“I was hired to solve a problem, and man do we have a problem,” Quinn said. “It's like a huge mosaic puzzle, and I feel like I just have the first four pieces in the corners. Now we have to fill in everything between.”
The city of Riverside pitched a white tent over the "Parent Navel" orange tree at the intersection of Arlington and Magnolia avenues last week to protect it from the threat of huanglongbing disease, reported Ryan Hagen the Riverside Press Enterprise.
“The Parent Navel is an iconic symbol of Riverside, as it represents the impact the citrus industry had on our economy,” Mayor Rusty Bailey said in a press release issued by the City of Riverside. “Riversiders hold this symbol of our citrus heritage very dear, so it is encouraging to see our parks personnel taking a proactive approach.”
The tree was one of two planted by Eliza Tibbets in 1873, when she received the seedless orange cultivars from Florida by mail. Tibbets cared for the trees and sold budwood to nurseries, which led to extensive plantings of nursery trees cloned from hers.
Huanglongbing disease made its appearance in Riverside last year in residential trees. Officials are working to prevent its spread by controlling Asian citrus psyllid, the insect that can move the disease from tree to tree. Meanwhile researchers are searching for a cure.
The Parent Navel's high value led UC Riverside researchers and city officials to construct the large white barrier.
"It's not beautiful," said Georgios Vidalakis, UC Cooperative Extension specialist and director of the citrus clonal protection program at UC Riverside. "It's obstructing the tree from public view, and we apologize for that. But the risk from not doing that is catastrophic."
The Citrus Research and Development Foundation (CRDF), a $124 million state citrus-industry initiative, has invested nearly 90 percent of its funds in HLB research. CRDF asked the Academies to review its research portfolio and determine if its efforts have followed recommendations outlined in the Academies' 2010 report, which originally called for the organization's creation. The committee found that CRDF was responsive to several recommendations from the previous report, and along with other funders, has advanced our knowledge about the disease. However, HLB remains a serious danger to Florida's citrus industry, having progressed from an acute to a chronic disease throughout the state.
The report notes that significant barriers to progress toward an HLB solution still exist, among them the inability to culture the bacteria in the laboratory, the lack of advanced diagnostics for early disease detection, and the absence of standardized research methodology that would improve the comparability of results across studies. Resolution of any one of these issues would constitute a significant step, according to the report.
The committee recommended continuing support for both basic and applied research for short- and long-term research efforts. In the long run, HLB solutions would likely utilize new technology, such as gene modification and gene editing, focusing on targets that mediate molecular interactions among plant, bacteria, and the vector, the committee said. As interest in using genetic modification in research grows, CRDF should also consider funding research to assess stakeholder acceptance of the technology and expand efforts to educate growers, processors, and consumers to facilitate the eventual deployment of genetically modified citrus lines.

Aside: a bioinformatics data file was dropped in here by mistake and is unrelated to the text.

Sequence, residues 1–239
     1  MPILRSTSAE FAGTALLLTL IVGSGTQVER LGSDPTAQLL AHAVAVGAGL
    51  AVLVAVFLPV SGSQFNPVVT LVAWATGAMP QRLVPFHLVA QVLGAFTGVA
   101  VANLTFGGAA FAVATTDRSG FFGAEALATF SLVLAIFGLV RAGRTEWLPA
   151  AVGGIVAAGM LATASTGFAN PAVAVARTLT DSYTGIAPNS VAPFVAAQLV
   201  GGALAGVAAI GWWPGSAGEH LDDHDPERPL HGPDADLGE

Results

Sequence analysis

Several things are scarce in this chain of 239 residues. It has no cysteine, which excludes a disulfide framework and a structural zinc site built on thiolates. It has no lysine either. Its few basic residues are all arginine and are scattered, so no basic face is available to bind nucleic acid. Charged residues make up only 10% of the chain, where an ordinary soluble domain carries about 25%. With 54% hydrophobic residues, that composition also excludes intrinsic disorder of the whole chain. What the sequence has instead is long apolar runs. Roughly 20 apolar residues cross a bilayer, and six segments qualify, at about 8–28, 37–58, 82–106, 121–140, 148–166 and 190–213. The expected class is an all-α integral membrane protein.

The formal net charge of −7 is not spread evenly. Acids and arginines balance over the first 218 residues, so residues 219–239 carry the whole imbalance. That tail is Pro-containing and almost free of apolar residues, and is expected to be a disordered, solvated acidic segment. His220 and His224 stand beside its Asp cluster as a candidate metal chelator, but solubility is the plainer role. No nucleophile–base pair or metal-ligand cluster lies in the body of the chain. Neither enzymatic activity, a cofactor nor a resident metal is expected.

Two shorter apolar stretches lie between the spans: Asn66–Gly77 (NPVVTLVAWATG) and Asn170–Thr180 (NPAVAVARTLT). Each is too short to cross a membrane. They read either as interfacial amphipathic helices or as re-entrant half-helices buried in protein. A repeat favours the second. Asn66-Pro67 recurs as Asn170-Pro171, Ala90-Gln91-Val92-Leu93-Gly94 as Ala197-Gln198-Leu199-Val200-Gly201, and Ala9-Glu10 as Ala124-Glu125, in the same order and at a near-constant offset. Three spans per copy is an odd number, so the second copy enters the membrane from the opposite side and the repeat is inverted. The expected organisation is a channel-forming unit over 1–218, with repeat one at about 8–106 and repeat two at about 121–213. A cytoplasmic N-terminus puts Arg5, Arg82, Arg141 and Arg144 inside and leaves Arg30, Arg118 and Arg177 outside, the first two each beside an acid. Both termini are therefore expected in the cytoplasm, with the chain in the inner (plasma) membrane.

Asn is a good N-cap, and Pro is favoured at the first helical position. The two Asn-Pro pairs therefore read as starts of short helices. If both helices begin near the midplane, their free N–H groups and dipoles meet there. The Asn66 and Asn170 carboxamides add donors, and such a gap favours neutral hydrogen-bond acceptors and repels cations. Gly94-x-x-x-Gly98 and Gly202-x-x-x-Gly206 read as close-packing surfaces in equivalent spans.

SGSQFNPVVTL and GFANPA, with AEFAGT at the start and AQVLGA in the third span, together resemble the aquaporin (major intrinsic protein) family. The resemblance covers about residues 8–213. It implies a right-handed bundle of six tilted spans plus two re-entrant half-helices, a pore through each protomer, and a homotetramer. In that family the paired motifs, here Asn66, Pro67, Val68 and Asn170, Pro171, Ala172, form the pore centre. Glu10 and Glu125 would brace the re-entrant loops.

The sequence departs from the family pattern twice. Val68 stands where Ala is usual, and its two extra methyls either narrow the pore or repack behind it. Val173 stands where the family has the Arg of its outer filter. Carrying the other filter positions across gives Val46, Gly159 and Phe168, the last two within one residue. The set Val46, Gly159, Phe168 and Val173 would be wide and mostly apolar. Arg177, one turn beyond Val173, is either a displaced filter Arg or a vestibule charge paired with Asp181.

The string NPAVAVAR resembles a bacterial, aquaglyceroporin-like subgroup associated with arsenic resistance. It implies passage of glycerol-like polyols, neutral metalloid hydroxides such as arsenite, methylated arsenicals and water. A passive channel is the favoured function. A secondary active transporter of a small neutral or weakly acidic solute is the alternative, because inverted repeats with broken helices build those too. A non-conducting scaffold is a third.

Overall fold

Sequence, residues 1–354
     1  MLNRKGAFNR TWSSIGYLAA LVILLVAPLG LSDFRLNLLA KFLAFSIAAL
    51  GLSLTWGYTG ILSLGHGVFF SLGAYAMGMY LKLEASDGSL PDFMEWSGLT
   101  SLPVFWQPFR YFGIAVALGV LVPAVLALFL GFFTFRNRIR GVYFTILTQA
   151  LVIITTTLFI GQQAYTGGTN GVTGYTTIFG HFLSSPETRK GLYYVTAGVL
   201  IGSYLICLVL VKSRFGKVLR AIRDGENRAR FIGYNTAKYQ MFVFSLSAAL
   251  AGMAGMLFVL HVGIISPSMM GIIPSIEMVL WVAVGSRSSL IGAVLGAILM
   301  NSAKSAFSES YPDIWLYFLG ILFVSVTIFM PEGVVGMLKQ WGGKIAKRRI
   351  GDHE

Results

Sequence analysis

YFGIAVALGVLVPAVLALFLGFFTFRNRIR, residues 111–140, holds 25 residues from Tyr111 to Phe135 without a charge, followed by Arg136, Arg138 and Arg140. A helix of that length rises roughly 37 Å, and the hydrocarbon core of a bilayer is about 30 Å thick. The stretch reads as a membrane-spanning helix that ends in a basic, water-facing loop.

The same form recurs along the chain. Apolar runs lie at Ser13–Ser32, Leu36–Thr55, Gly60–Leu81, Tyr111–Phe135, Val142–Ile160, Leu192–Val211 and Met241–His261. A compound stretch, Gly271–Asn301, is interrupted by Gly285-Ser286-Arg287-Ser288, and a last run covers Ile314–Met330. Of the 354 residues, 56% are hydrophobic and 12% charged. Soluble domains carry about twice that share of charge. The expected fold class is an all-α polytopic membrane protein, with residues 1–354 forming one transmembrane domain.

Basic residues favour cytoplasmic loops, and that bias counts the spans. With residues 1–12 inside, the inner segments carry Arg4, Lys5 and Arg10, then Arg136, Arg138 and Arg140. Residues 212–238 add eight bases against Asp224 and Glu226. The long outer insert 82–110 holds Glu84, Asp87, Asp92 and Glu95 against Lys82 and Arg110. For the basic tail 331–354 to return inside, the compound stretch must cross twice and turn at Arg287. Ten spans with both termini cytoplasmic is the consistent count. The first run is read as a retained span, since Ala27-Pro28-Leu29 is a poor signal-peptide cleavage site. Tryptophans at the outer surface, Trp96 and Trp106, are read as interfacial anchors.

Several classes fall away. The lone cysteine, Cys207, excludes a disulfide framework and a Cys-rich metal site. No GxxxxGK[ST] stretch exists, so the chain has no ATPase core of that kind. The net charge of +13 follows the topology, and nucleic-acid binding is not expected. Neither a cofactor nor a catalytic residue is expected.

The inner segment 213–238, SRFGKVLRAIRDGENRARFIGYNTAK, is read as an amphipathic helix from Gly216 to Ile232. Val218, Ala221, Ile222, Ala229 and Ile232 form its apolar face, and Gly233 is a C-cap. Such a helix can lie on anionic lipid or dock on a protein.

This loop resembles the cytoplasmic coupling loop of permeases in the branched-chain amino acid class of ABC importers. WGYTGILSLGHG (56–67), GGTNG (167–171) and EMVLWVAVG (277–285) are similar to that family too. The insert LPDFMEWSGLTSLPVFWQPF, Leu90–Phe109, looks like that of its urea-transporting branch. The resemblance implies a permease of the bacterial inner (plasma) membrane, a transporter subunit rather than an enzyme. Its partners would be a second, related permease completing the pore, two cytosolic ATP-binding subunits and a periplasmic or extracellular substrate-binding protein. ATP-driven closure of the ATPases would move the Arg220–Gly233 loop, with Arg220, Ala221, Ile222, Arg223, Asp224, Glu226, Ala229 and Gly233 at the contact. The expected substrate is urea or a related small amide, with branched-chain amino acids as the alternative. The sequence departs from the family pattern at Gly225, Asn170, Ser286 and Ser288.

In the meantime, growers in the state will need short-term solutions for the industry to remain viable. The report recommends finding the best suite of strategies to control the disease in different environmental and growing conditions, vector and pathogen pressures, tree varieties, and stages of tree health, which would help growers in Florida and other states where HLB also occurs.
The report also highlights the need to better understand the economic and sociological factors that impact decision-making and behaviors of growers, which influence the adoption of HLB management strategies. CRDF should create accessible databases to support sociological and economic modeling of citrus greening-related research outcomes and application projections.
The report recommends researchers communicate about the outcomes and evaluation of their efforts in a timely and systematic way. Additionally, current approaches to research prioritization and funding based within individual federal and state funding agencies have not led to development of a master plan for HLB research and subsequent management solutions. CRDF should work with other funding agencies to create an overarching advisory panel to develop a master plan for HLB research, communication, and management.
The study was sponsored by CRDF. The National Academies of Sciences, Engineering, and Medicine are private, nonprofit institutions that provide independent, objective analysis and advice to the nation to solve complex problems and inform public policy decisions related to science, technology, and medicine. The National Academies operate under an 1863 congressional charter to the National Academy of Sciences, signed by President Lincoln. For more information, visit http://national-academies.org. A roster follows.
To download full report: https://www.nap.edu/read/25026/chapter/1